The Ride with Respect 2012 End of Year Report


December 23, 2012

  Caution ~ Consideration ~ Conservation
On behalf of Ride with Respect, we’re proud to report another year of headway in almost every direction from Moab.
From the Green River canyon rim to the La Sal Mountain timberline, the following list highlights some big trail work performed by our little nonprofit.
Thanks to all our individual and business members for making these accomplishments possible. Contributions of time and money served as the match to generous grants from Grand County, Utah State Parks, Colorado Trails Preservation Alliance, and the Yamaha OHV Access Initiative.
It’s still not too late to send your tax-deductible donation for 2012. Make checks payable to Ride with Respect, 1310 Murphy Lane, Moab UT 84532. (Next year, we’ll finally offer an option to renew membership online. Although we’ve begun to modernize, fair weather kept us working in the field all year.)
ABAJO MOUNTAINS – The RwR crew joined USFS to finish rerouting Robertson Pasture Trail. Clearing through dense forest and shaping switchbacks on steep hillsides was well worth it. The route will be more stable, and is already more fun according to singletrack enthusiasts. (Read the article from the San Juan Record download this pdf.)
LA SAL MOUNTAINS – Near Canopy Gap, the RwR crew rerouted Trust Lands Singletrack. The trail’s proximity to wetlands concerned the Utah School & Institutional Trust Lands Administration. We appreciate the agency’s willingness to preserve access by moving the trail to dryer ground.


LEVI WELL TO WHITE WASH – The BLM identified wildlife and cultural impacts along a few off-highway vehicle trails. The RwR crew rerouted them, and took extra steps to maintain their narrow character as motorcycle or ATV trails. We also marked and delineated the Enduro Loop, with all supplies provided by BLM.
SOVEREIGN TRAIL – RwR extended Sovereign Singletrack three miles north to reach Klondike Bluffs Road. The crew also designated a fourteen-mile loop of primitive roads accessible to all riders and drivers. We hoped to name the loop after Utah State Parks ranger Brody Young, who heroically recovered from an ambush in 2010. However, Brody prefers the name Fallen Peace Officers Trail, to recognize those who were less fortunate.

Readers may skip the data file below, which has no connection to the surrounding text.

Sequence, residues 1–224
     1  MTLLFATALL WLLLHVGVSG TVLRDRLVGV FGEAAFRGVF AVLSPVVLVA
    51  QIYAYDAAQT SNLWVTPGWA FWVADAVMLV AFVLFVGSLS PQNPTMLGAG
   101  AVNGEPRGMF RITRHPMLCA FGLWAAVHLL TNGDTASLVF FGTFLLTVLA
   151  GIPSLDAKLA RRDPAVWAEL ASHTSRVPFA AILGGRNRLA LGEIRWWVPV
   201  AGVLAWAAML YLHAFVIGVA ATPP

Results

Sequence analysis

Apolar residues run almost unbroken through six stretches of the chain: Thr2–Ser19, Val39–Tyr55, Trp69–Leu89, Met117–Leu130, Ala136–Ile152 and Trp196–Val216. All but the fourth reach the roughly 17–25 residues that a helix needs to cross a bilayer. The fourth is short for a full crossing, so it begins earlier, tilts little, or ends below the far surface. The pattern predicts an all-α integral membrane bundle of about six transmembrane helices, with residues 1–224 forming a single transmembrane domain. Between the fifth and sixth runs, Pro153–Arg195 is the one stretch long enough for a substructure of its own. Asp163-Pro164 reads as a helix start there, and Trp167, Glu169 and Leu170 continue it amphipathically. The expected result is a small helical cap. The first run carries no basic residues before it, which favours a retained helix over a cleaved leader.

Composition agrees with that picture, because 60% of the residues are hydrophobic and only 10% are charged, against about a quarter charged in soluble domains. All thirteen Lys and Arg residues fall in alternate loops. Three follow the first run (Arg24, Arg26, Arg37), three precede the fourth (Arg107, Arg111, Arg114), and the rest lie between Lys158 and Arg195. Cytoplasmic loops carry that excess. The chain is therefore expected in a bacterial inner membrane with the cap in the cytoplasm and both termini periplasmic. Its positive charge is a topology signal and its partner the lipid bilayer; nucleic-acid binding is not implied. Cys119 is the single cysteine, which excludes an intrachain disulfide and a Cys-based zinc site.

TRAIL DEDICATION & RIDE – Impressed by the Fallen Peace Officers Trail, the Utah Peace Officers Association plans to dedicate the trail and host a ride for motorcyclists, ATV riders, and UTV drivers. RwR was asked to assist with the event, so we feel quite honored. Mark your calendar for April 20th of 2013, and bring the whole family.
MONUMENT DISCUSSION – Reluctantly, RwR weighed in on the debate to proclaim a very large national monument surrounding Canyonlands National Park. While the proposal’s sheer size is alarming, its potential to polarize public-land visitors is what concerned us the most. Since then, a broad range of stakeholders have become receptive to discussing alternatives. We hope you’ll continually support shared-use organizations nationwide, and statewide. By the same token, we hope you’ll be open to locally-derived plans for public lands, as a grassroots form of democracy. In the long run, reaching consensus among the Moab community may be our best shot to keep the surrounding landscape healthy and accessible.–T-I-Guest-Commentary-Greater-Canyonlands-%E2%80%93-A-monumental–mistake-that-may-also-spark-collaboration-?
In the meantime, it looks like Moab will be blessed with its second snowstorm this winter. It ought to provide a rest for the trails and the trail users, alike. When spring rolls around, we hope to see you back out there.
Clif Koontz  &  Dale Parriott